The founding of the Swiss federal state ushered in a period of greater stability as regards both domestic and foreign affairs. The revised Constitution of 1874 extended the powers of the federal government and introduced the optional legislative referendum. Switzerland developed its system of direct democracy further and in 1891 granted the people the right of initiative on the partial revision of the Federal Constitution. That same year the Catholic conservatives – the losers of the Sonderbund war – celebrated, for the first time, the election of one of its representatives to the federal government.
The federal state used its new powers to create favourable conditions for the development of a number of industries and service sectors (railways, machine construction and metalworking, chemicals, food industry and banking). These would become the mainstays of the Swiss economy.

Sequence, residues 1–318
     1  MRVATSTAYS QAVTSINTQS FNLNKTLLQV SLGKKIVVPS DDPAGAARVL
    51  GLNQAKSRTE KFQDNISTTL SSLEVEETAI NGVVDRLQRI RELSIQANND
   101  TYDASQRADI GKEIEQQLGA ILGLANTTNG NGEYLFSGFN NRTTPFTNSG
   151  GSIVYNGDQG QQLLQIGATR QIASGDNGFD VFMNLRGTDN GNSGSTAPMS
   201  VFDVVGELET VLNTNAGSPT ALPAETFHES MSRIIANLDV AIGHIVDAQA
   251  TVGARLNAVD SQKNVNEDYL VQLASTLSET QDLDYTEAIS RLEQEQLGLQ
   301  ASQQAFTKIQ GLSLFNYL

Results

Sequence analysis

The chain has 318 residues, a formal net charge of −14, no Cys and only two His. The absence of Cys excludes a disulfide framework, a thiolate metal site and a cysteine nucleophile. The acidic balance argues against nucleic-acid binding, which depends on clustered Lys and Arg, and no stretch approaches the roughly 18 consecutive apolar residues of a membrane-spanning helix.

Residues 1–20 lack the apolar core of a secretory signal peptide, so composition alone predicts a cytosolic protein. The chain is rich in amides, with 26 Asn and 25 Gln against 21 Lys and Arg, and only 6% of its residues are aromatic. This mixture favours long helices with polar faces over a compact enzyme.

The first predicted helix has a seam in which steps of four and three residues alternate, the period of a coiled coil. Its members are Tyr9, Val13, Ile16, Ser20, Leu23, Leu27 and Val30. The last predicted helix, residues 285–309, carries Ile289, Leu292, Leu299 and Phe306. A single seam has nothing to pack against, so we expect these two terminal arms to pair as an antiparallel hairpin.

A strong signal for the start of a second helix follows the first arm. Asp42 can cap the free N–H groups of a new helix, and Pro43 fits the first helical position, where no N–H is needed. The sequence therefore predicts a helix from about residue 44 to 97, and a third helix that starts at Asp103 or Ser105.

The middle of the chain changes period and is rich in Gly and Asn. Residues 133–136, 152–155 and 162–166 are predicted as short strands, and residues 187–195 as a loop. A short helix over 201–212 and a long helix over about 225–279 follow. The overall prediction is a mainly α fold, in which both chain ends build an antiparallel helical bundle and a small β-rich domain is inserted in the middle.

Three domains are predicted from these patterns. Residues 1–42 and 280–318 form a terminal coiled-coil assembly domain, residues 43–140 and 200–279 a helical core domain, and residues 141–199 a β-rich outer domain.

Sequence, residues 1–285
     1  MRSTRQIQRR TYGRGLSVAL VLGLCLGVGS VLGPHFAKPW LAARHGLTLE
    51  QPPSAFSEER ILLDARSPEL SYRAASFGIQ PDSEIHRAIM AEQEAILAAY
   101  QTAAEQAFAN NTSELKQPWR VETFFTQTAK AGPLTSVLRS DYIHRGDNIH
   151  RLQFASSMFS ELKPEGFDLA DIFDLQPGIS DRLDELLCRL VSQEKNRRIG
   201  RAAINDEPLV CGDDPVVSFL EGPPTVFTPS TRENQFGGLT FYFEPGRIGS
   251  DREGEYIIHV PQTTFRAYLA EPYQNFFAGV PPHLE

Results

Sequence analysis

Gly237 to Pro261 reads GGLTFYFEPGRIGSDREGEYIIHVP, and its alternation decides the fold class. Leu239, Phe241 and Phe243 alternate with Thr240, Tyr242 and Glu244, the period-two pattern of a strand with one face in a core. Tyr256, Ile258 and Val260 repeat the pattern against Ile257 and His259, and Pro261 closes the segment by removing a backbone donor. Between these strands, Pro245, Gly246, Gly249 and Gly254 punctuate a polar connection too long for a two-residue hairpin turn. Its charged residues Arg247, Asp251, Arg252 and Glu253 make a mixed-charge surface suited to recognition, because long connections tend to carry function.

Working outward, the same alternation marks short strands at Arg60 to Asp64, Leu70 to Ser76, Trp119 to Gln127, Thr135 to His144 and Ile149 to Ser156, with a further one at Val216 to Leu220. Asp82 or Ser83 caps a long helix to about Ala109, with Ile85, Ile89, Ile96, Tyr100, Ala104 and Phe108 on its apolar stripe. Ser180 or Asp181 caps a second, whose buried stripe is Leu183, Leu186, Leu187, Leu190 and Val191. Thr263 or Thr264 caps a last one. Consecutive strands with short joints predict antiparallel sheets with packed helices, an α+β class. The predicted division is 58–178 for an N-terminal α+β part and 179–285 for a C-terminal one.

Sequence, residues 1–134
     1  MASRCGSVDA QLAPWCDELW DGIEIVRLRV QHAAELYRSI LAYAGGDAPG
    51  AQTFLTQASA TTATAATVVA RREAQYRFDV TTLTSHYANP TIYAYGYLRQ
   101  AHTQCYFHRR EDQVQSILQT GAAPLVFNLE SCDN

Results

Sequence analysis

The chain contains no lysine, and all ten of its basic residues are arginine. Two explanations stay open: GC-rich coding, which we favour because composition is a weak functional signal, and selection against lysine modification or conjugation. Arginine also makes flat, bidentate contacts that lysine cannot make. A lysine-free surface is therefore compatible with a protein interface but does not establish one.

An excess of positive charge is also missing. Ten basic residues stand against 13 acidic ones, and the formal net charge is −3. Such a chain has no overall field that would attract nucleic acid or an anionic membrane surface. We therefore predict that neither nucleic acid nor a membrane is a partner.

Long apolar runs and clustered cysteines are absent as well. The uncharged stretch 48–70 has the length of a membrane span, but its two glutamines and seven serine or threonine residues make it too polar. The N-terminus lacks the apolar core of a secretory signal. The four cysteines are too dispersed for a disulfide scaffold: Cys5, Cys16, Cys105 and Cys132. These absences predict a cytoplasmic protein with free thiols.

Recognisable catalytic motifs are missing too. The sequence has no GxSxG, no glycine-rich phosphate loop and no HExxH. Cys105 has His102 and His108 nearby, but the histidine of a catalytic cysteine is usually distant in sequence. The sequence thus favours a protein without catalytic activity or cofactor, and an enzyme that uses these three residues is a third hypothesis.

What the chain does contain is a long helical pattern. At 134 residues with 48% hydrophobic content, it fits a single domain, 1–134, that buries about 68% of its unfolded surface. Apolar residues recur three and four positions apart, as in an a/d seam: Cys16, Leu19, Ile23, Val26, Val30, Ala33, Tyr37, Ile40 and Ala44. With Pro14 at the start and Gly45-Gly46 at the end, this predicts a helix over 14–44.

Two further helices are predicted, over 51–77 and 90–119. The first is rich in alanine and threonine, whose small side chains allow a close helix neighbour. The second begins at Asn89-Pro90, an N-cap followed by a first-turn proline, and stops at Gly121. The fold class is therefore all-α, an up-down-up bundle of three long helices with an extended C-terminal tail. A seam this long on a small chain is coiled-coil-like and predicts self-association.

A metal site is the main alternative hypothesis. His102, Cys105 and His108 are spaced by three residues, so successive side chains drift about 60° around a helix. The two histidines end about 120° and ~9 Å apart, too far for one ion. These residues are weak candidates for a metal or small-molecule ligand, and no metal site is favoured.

Not everyone in Switzerland reaped the benefits of the economic upturn. In the 19th century poverty, hunger and a lack of job prospects drove many Swiss people to seek their fortunes elsewhere, particularly in North and South America. At home, industrial towns and cities saw an influx of rural and, increasingly, foreign migrants. Living conditions for many members of this new urban working class were often precarious.